Winter Solstice 2009: December 21, 12:47 PM Eastern time
Do you even notice the solstice? Does this time of year make you sleepy and sad, or full of energy and good cheer? Where will you be on the longest night of the year?For some, this time of year brings decreased energy and sadness, while others pull their collars up and soldier on. Some don't notice it one way or the other, and some rail against the darkness with bright festive parties, extra twinkle lights and gaily wrapped packages.
So far this year I seem to be a combination of the soldier and the giddy party girl. Still, it's important for me not to lose sight of the request to slow down, rest, deepen, and listen carefully to the teachings of silence, stillness. I plan on spending solstice at home, alone, with a warm toddy and, as a nod to the party girl, a few strings of twinkle lights that never fail to lift my spirits.
Then, on the following day, it's back to work in the holiday kitchen. This year I'm feeling somewhat overwhelmed and my response is to get a little goofy. So I've decided to pull out an old favorite side dish from the 60's that involves fresh cranberries, miniature marshmallows and a can of crushed pineapple.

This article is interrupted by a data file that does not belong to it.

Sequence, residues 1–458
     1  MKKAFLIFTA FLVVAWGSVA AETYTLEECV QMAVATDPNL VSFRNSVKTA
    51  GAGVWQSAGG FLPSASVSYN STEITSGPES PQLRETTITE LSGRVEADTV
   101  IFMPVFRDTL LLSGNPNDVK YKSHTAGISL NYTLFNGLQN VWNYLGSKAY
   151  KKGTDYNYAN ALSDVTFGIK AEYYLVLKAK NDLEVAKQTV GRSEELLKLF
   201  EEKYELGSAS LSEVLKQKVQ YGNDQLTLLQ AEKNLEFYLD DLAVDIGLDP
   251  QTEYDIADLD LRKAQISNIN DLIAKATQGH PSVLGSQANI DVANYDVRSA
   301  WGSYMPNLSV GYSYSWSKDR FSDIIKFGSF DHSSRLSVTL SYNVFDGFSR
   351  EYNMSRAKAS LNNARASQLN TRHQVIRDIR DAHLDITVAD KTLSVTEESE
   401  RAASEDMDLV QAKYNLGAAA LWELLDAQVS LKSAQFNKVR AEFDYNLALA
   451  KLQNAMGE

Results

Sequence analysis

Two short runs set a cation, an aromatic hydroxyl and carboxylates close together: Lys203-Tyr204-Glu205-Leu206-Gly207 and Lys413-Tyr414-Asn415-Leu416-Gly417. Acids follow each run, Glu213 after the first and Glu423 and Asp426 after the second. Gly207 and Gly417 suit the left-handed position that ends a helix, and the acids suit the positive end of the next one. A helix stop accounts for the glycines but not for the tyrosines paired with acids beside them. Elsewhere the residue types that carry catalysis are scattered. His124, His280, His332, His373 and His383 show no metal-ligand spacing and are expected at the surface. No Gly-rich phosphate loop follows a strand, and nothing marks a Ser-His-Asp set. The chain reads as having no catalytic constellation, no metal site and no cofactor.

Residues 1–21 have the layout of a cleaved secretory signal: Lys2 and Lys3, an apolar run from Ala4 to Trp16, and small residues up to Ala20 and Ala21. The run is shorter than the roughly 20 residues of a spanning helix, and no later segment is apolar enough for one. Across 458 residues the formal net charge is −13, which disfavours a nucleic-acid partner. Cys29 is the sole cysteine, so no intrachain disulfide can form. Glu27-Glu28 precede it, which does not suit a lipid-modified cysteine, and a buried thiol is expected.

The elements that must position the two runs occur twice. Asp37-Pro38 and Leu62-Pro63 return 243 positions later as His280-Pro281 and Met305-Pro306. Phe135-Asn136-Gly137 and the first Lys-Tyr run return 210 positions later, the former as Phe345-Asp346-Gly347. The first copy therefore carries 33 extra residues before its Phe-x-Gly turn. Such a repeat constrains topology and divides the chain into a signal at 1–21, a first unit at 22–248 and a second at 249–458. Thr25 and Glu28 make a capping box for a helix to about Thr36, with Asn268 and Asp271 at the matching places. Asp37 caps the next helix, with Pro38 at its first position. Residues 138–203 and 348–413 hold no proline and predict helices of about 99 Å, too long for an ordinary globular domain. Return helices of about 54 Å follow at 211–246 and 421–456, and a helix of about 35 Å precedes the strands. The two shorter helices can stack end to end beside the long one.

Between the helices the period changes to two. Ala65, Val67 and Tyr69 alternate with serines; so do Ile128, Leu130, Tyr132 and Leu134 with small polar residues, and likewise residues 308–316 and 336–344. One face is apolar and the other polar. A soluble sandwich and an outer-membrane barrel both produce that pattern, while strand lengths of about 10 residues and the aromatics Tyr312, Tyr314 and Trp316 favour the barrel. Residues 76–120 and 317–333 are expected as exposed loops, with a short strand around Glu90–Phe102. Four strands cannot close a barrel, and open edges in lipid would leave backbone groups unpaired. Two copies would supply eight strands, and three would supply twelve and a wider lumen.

serves 6 to 8
2 cups raw cranberries, ground in a food processor or chopped very finely
1 cup white sugar
1 pint heavy whipping cream
6 cups miniature marshmallows
1 can crushed pineapple, drained
Combine the ground cranberries and sugar in a bowl. In another bowl, whip the cream and stir in the miniature marshmallows. Let both mixtures sit in the refrigerator for at least 3 hours and then fold the cranberry mixture into the whipped cream. Then gently fold in the crushed pineapple and spoon the mixture into your serving dish. Cover with plastic wrap and let set for several hours (or overnight) in the refrigerator.
My mom used to grind the cranberries in an old hand-cranked meat grinder (this was before Cuisinart!)
Related: Recipe: Coffee Fluff
(Image: Dana Velden)